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Salton Sea Management Program projects are moving ahead with new state funding. Photo: Water Authority

Electeds See Commitment, Momentum at Salton Sea

Momentum for Salton Sea restoration is growing quickly these days and the effort could amass $600 million in state funding by the end of 2018 – a huge increase from just a few months ago.

On June 5, California voters supported Proposition 68, the $4.1 billion water bond that specifically included $200 million for Salton Sea restoration. During a recent press conference, state Senator Ben Hueso, who represents portions of San Diego and Imperial counties, thanked voters for passing Proposition 68 and said the State of California is committed to funding restoration efforts at the sea.

Salton Sea phased restoration program receives $170 million

Assemblyman Eduardo Garcia, who represents parts of Riverside and Imperial counties, said $170 million of that funding is for the state to implement its phased restoration program, called the Salton Sea Management Program, and $30 million is for the Salton Sea Authority, which is working with the state on restoration. Of the $30 million portion, $10 million is destined for improving the New River, a main tributary that flows from Mexico into the Salton Sea.

Garcia also said that if other projects funded by Proposition 68 do not materialize, the Salton Sea could benefit from up to $200 million more. And he highlighted additional money that could help: In November, California voters will be asked to support another water bond that would provide an additional $200 million for the sea.

Garcia said it is realistic to think that by year’s end, the sea could have up to a total of almost $600 million in state funding to implement the management plan.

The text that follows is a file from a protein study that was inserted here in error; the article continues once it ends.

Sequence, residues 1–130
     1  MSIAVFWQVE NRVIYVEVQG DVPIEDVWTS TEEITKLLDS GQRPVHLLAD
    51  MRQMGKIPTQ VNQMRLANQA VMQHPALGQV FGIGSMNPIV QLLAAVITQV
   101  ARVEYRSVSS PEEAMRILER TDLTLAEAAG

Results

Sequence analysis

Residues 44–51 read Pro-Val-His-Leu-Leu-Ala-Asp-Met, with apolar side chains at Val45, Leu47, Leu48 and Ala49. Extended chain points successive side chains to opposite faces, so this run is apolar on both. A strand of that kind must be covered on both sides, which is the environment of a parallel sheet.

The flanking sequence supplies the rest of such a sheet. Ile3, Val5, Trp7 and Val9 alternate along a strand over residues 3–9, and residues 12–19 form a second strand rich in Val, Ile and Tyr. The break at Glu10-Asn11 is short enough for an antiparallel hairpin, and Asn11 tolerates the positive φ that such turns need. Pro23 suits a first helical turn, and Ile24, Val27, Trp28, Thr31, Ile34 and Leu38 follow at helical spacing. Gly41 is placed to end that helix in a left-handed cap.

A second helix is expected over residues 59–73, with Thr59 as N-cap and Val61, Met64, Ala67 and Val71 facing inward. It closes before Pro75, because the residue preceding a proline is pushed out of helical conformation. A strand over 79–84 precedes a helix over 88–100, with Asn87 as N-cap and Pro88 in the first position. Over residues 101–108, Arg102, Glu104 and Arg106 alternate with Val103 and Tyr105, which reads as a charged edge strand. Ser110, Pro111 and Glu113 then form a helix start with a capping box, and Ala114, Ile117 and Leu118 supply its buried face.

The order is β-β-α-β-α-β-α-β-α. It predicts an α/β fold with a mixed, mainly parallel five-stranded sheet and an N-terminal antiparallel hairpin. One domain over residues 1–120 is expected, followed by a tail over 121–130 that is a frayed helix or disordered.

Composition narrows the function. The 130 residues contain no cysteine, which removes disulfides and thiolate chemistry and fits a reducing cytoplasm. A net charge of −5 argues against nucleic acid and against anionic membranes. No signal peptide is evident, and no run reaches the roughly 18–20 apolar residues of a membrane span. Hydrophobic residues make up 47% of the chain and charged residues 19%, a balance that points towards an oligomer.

Hueso: Legislation introduced to create local authority

Hueso spoke about legislation he introduced to create a local authority to restore the sea and about public-private partnerships that could further advance Salton Sea restoration. “The area around the sea can be a very healthy place to live,” Hueso said. “That is our goal.”

Garcia said the first 10 years of the state’s management plan for the sea includes two focused goals — addressing public health and the ecological system. He is also working with legislation to advance the development of geothermal energy in California with the intent that geothermal development can be a piece of the restoration program at the Salton Sea.

“The ball is moving down the court,” Garcia said, adding: “The idea nothing is happening is not factual.”
Bruce Wilcox, assistant secretary of California Natural Resources in charge of Salton Sea policy, said with the passage of Prop. 68, he is more optimistic about the sea than he has been in years. He said Salton Sea Management Program projects are moving ahead and that in September there will be a new round of public meetings to share information and receive input on the program.

Regarding 11 proposals submitted to the state for importing water to the sea, Wilcox said a committee will be reviewing them to determine which ones will move forward to another phase of consideration. The proposals involve importing water from the Sea of Cortez to the Salton Sea, which state officials say could represent a long-term solution. While that process moves forward, the state remains focused on addressing the immediate air quality and habitat needs at the sea and surrounding communities.

Is the Cost of a Huntington Beach Desalination Plant Too High? As Vote Looms, Some Officials Say Yes

Water officials throughout drought-prone Southern California are eager to bolster supplies and diversify sources, but some say desalination in Huntington Beach isn’t the way to do it.

Concerns of those skeptics, particularly cost, will be front and center Wednesday, July 18, when new contract terms are considered for Poseidon Water’s proposal. Officials may want greater water security, but not necessarily at any price.